July 28, 2005
House narrowly OKs free-trade agreement
By Paul M. Krawzak
Copley News Service
WASHINGTON — Rep. Ralph Regula, an opponent of major trade agreements in the past, joined a 217-215 House majority in approving the Central American Free Trade Agreement just after midnight.
“I have always been negative, but this is different,” said Regula, R-Bethlehem Township.
He said economic benefits for his congressional district, the promise of lower sugar prices and the prospect of closer ties between the United States and Central America persuaded him to support the agreement, a top priority for President Bush.
Rep. Bob Ney, R-St. Clairsville, broke with the majority of Republicans in opposing CAFTA. Ney said he could not support a treaty that “would do nothing to address” the $600 billion trade imbalance, job loss in Ohio, outsourcing of American jobs and illegal immigration.
Reps. Ted Strickland, D-Lisbon, Sherrod Brown, D-Lorain, and Tim Ryan, D-Niles, also voted against CAFTA.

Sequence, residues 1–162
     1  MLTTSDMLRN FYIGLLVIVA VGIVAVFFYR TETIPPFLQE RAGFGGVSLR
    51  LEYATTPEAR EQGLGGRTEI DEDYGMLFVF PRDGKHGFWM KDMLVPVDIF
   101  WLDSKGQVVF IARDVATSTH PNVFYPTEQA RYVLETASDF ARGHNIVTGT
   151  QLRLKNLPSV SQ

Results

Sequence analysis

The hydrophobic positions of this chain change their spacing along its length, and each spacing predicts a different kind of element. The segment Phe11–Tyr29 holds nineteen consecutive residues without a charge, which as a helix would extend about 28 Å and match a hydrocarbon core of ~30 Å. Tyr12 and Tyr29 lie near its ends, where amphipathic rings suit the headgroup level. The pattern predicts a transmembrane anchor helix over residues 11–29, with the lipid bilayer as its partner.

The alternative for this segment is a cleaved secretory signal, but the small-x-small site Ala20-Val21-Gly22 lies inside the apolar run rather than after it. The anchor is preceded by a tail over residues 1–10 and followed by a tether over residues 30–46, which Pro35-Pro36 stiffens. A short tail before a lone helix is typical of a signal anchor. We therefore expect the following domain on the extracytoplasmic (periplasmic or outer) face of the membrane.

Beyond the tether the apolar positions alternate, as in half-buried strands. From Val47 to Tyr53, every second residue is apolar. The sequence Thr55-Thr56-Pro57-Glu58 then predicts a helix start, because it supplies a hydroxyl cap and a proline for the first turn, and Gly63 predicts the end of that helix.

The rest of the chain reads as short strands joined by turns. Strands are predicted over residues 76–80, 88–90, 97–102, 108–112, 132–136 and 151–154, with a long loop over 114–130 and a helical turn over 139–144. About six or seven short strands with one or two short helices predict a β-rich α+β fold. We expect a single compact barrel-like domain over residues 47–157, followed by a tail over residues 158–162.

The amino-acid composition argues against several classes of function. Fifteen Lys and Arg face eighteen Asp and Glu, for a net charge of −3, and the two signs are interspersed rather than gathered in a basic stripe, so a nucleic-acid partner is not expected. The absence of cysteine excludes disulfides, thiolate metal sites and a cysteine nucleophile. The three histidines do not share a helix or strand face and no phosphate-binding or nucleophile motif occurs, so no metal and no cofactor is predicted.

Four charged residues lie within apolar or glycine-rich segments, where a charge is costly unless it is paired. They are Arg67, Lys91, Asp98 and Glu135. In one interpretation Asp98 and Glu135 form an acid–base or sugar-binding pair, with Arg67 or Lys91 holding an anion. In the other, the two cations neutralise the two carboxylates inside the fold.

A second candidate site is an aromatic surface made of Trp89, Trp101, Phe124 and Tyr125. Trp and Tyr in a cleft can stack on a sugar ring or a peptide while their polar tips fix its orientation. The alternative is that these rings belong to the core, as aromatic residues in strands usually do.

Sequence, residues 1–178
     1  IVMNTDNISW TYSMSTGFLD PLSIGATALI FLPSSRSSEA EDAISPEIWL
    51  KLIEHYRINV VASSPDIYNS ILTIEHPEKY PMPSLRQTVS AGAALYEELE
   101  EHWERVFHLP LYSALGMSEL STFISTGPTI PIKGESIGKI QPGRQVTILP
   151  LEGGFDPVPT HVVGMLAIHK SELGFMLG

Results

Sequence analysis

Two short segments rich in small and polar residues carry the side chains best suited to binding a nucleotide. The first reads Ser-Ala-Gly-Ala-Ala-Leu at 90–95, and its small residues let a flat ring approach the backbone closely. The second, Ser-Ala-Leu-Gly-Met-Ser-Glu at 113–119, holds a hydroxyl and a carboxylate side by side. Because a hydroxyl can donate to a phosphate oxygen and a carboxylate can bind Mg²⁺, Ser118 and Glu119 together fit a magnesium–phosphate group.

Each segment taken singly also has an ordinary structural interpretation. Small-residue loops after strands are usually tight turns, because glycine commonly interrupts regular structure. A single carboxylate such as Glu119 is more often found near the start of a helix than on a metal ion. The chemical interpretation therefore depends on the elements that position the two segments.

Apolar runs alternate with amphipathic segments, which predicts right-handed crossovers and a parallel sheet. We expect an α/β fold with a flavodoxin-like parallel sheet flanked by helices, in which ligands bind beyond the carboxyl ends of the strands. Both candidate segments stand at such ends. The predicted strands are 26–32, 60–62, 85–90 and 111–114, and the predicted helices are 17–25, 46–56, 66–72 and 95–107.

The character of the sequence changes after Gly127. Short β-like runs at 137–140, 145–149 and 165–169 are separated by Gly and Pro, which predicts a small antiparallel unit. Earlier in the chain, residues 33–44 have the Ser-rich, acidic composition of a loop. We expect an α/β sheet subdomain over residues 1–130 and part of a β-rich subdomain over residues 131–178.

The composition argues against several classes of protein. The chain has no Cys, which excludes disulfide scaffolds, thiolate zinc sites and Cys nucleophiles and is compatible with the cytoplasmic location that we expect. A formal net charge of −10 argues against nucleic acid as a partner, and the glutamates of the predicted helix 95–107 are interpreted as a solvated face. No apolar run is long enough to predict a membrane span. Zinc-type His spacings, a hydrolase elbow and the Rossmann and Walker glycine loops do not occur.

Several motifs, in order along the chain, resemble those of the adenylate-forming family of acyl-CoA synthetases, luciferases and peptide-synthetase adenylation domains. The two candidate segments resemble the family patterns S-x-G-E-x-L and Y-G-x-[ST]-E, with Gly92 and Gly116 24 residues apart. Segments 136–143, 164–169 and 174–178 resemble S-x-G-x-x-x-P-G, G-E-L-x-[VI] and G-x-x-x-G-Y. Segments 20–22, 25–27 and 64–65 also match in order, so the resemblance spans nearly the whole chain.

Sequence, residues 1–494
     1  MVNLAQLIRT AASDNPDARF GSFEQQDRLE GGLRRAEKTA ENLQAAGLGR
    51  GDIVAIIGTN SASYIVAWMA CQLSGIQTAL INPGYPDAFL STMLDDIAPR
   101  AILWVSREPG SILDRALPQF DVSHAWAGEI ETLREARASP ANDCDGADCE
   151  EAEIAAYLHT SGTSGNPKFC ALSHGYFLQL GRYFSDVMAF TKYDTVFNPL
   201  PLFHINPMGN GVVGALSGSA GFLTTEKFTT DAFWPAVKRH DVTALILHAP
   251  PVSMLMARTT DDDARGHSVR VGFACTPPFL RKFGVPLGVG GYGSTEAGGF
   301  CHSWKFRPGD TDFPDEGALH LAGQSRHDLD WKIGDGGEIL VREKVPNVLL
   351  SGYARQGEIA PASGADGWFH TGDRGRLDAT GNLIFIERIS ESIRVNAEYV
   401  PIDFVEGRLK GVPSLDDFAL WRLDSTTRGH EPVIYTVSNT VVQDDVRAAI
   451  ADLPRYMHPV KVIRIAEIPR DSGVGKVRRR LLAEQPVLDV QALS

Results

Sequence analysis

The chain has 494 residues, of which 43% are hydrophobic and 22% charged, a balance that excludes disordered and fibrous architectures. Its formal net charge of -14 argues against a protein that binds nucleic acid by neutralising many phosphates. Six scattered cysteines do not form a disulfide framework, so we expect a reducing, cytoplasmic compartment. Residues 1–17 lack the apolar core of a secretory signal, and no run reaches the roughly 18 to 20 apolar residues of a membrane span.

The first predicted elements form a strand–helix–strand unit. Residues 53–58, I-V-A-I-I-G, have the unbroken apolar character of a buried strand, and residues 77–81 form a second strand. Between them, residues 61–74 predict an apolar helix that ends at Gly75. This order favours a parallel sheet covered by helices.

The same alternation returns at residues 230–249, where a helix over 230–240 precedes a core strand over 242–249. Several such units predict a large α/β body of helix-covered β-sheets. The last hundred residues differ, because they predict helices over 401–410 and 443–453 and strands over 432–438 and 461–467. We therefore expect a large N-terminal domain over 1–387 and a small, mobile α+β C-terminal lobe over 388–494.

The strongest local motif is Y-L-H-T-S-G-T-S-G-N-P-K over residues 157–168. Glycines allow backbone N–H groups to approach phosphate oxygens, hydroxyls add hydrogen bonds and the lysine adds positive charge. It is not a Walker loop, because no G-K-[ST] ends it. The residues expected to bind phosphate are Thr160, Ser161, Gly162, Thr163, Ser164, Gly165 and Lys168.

The agreement, approved by the Senate on June 30, would lower trade and investment barriers between the United States and the Dominican Republic, Nicaragua, El Salvador, Guatemala, Honduras and Costa Rica.
In his district, Regula said, the agreement “will mean more jobs in the short-term as farmers, food processors and other manufacturers will now be able to export to this region without the 10 to 30 percent tariffs on their goods.”
In the long-term, he added, increased sugar imports from Central America would reduce the cost of sugar in the United States, benefiting makers of jams, confections and baked goods.
He said beneficiaries would include J.M. Smucker Co. in Orrville, a Heinz frozen food plant in Massillon and Nickles Bakery in Navarre.
Organized labor and other opponents contend CAFTA would make it easier for American companies to move production overseas, resulting in job losses in the United States.